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Again, Petrus Aureoli was a Franciscan, not a Dominican, and he was not under any obligation to accept the teaching of St. Thomas. Of these three philosophers, then, it is only Durandus whose departures from Thomism might be called ‘revolutionary’; and, even in his case, his opinions can be called ‘revolutionary’ only in regard to his position as a Dominican and to the obligation on the members of his Order of following the teaching of St. Thomas, the Dominican Doctor. In this restricted sense he might be called a revolutionary: he was certainly independent.

Koch, another Dominican, Nicholas of St. Victor. But, as we have seen, Durandus did not turn against or reject the thirteenth-century tradition as such: on the contrary, his interests were in metaphysics and in psychology much more than in logic, and he was influenced by speculative philosophers like Henry of Ghent. But, though one can hardly call Durandus or Petrus Aureoli a precursor of Ockhamism, if by this one means that the shift of emphasis from metaphysics to logic, coupled with a critical attitude towards metaphysical speculation as such, is a feature of their respective philosophies, yet it is probably true that in a broad sense they helped to prepare the way for nominalism and that they can be called, as they often have been called, transition-thinkers.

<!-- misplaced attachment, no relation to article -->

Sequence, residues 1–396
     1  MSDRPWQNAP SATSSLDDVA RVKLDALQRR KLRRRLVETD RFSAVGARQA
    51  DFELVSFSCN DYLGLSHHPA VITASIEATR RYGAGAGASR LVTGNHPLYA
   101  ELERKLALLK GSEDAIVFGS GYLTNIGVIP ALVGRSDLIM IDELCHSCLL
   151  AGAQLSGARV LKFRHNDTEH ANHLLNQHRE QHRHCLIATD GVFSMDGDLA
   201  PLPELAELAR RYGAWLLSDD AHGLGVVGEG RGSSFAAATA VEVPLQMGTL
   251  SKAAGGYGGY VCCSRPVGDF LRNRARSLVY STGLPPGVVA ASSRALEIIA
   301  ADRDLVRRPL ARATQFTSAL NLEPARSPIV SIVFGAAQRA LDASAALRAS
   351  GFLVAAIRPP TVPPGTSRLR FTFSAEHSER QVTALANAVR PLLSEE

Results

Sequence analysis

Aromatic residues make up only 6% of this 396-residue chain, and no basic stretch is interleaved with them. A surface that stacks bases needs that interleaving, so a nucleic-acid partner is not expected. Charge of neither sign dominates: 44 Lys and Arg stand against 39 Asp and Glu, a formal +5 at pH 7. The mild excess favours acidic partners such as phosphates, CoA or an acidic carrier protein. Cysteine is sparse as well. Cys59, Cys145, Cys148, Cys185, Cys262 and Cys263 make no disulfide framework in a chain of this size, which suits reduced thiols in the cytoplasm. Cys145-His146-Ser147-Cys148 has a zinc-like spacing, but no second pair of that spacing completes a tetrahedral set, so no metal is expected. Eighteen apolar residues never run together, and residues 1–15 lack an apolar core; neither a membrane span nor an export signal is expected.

In 1323 John Lutterell, former Chancellor of Oxford, arrived at Avignon where he brought to the attention of the Holy See a list of 56 propositions taken from a version of Ockham’s commentary on the Sentences. It appears that Ockham himself, who appeared at Avignon in 1324, presented another version of the commentary, in which he had made some emendations. In any case the commission appointed to deal with the matter did not accept for condemnation all the propositions complained of by Lutterell: in its list of 51 propositions it confined itself more or less to theological points, accepting 33 of Lutterell’s propositions and adding others of its own.

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